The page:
The renovation work of Weihsien concentration camp museum is about to be completed, and the opening time may be determined in the near future. At that time, we will have a ceremony to open the museum. Novel coronavirus pneumonia is a serious disease. China's immigration control is very strict. So it is difficult to enter the country. We are very sad about this.

So, we want to make a promotional film about the new museum. In addition to the scenes of Weihsien concentration camp, we also hope to include scenes of survivors or survivors' families. So, can you help us to contact the survivors and have them take a short video of themselves. The short video content can express the thoughts and blessings for the new museum, such as: the Former Site of Weihsien Courtyard of the Happy Way & Concentration Camp, congratulations on the reopening(潍县乐道院暨西方侨民集中营旧址,祝贺重新开馆)。

Although it is difficult to invite survivors to the opening ceremony due to the severe epidemic situation, we still hope that survivors can participate in the opening ceremony in another way.

Thank you and looking forward to your reply.
Neal Wu

乐道院·潍县集中营博物馆 ldybgs@163.com

签名由 网易邮箱大师 定制
On 7/20/2020 14:45,乐道院·潍县集中营博物馆 wrote:

Dear Mr. Leopold Pander,

Glad to receive your email.

I just saw your email today because we are closed on Saturday and Sunday.

I have seen the photos.. I am currently confirming the names with the museum. We will try to contact Zhang Xihong. If we have the latest news, I will give you the information as soon as possible.

At present, the restoration project of Weihsien concentration camp museum will be finished soon, although the opening time has not been determined. The leaders of our museum hope to invite the survivors of the concentration camp to participate in the opening ceremony of the museum. However, due to the current epidemic situation, it is really difficult to achieve.

Thank you for your support for our work. And the news about photos, if there is any latest progress, I will give you the information as soon as possible.

Best wishes,
come from,
Neal Wu


签名由 网易邮箱大师 定制

On 7/17/2020 17:02,Tapol wrote:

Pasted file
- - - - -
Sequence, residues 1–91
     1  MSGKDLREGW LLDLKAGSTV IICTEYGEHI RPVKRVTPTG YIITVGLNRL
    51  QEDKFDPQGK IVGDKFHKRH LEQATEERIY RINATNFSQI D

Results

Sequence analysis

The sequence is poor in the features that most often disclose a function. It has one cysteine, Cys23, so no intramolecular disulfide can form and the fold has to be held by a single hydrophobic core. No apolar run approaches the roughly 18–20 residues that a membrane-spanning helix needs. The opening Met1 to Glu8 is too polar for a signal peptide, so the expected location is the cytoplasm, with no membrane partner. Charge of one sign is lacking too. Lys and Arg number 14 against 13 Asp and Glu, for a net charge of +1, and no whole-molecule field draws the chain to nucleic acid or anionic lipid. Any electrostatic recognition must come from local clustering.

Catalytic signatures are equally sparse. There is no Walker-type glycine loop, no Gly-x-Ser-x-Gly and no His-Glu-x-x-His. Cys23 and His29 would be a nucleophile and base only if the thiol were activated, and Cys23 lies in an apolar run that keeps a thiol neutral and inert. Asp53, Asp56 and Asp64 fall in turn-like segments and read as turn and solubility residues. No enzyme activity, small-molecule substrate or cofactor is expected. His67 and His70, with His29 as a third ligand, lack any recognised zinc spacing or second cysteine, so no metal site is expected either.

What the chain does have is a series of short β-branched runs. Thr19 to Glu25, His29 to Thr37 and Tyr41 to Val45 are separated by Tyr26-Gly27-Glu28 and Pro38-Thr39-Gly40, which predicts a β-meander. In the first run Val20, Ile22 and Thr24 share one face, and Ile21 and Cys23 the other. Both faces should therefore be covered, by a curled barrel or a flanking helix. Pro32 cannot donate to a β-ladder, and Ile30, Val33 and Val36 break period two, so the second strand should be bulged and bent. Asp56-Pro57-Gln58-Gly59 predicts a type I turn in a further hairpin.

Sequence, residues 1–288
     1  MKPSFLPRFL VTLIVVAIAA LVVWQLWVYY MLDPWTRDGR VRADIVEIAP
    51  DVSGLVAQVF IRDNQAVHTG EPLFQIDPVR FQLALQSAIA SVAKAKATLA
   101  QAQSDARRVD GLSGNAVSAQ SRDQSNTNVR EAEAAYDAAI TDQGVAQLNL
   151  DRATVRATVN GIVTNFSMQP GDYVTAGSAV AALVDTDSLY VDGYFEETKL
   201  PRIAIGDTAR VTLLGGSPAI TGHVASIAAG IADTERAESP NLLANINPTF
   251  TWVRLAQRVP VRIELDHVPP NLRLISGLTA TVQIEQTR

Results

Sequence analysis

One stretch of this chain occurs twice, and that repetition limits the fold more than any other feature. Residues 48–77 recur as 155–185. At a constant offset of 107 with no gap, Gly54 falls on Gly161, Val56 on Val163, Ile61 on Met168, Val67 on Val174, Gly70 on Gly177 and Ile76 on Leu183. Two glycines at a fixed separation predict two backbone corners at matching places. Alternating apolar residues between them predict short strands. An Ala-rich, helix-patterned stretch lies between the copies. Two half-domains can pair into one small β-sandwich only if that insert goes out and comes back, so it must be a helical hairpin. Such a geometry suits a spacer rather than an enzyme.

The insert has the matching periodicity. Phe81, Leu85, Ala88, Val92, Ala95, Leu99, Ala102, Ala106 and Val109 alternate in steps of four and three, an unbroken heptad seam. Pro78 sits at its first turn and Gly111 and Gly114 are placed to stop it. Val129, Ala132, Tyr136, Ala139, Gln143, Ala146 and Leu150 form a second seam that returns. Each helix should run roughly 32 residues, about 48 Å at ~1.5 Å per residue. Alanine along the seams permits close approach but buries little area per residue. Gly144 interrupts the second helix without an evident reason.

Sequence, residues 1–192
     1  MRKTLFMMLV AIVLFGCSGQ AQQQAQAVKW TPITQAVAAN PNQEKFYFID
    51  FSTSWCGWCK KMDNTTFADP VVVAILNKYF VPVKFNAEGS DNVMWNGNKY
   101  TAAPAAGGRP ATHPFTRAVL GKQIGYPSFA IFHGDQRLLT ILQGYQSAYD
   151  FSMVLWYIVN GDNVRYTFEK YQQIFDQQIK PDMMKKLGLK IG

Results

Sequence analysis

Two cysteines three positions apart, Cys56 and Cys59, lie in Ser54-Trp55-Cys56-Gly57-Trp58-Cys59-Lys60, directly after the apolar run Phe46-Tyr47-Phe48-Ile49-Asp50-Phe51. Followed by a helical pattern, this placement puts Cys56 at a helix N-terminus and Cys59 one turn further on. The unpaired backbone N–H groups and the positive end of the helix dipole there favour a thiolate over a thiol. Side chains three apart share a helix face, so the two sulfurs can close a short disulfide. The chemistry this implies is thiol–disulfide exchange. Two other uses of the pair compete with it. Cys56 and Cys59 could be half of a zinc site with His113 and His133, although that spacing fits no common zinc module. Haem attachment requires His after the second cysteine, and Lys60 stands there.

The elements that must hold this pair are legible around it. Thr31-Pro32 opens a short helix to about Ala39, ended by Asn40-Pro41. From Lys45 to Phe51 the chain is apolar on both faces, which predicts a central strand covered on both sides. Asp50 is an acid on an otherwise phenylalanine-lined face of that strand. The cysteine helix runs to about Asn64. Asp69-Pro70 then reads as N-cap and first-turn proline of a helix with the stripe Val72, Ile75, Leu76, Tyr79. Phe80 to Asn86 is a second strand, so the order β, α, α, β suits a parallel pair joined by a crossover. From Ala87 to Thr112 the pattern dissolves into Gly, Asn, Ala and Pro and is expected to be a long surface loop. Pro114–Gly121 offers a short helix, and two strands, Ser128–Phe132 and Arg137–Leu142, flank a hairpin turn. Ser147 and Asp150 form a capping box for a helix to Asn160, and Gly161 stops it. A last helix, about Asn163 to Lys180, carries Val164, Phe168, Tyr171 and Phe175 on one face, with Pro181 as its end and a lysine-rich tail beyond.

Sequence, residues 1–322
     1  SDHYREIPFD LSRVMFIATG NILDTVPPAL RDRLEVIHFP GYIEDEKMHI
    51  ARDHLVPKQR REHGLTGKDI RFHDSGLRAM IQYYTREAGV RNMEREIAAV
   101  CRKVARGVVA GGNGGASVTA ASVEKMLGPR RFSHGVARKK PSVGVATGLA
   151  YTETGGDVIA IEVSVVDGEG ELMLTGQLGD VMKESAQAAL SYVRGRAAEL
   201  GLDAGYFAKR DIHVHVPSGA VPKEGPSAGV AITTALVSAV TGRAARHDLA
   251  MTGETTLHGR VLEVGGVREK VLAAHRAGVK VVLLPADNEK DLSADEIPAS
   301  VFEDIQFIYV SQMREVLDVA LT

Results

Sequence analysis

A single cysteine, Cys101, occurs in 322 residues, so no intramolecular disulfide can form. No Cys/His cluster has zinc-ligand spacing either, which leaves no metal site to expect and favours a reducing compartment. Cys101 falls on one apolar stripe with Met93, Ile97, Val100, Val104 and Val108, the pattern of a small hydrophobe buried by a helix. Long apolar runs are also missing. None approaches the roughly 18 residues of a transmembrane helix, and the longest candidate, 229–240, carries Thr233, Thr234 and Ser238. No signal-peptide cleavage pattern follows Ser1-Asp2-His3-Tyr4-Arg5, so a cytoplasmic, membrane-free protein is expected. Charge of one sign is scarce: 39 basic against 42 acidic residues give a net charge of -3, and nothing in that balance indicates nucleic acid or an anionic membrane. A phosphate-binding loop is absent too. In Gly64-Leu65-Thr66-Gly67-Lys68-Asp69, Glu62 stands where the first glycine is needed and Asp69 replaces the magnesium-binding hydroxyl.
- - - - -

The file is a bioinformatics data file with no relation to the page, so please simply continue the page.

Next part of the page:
Dear Mr. Neal Wu,

Hope this message finds you well and that the renovated Weihsien museum is almost finished.

Attached is a photo of ex-prisoners from Weihsien who organised the escape.

If I have the names of the Europeans ― Arthur Hummel ― Laurie Tipton ― Raymond deJaegher and Roy Tchoo, I am not quite sure for the names of the Chinese individuals.

Father Emmanuel Hanquet told me (when he was still alive) that the person between Roy Tchoo and Raymond deJaegher was: Zhang Xihong’s father …

Is this correct?


… If you can question Zhang Xihong (who made a speech in 2005 for the 60-year celebrations) could he confirm and maybe give the names of the other Chinese helpers ?

Thanks in advance …

Stay safe and keep well
Best regards,

'Leopold_Pander' pander.nl@skynet.be [stanley_camp]
To: stanley_camp@yahoogroups.com
Mon, 13 Jul at 10:25
RE: [stanley_camp] - Visit to the Russian cemetery in Harbin (Happy Valley Cemeteries - July 9, 2020)

Dear Jane,

I am almost sure that the recording you mention is on the Weihsien-paintings’ website;

Go To:

and scroll down until you reach the BBC4 logo.

Click on that and … enjoy!
Hope you manage,
… all the best,

From: stanley_camp@yahoogroups.com
Sent: Monday, July 13, 2020 10:11 AM
To: stanley_camp@yahoogroups.com
Subject: Re: [stanley_camp] - Visit to the Russian cemetery in Harbin (Happy Valley Cemeteries - July 9, 2020)

I love Ian Gill’s articles! Thank you very much, Ian, for providing the link.

There was a documentary on BBC Radio 4 several years ago (I can’t remember exactly when) about the missionary school at Chefoo, which included interviews with former pupils. One lady spoke in detail about the life of the school during the war, and paid tribute to the teachers who made superhuman efforts to give the children in their care as normal and happy a life as possible. If anyone else happened to hear it, and has a better memory than I do, it might be possible to find out exactly when the programme was broadcast, and perhaps even to obtain a recording from the BBC.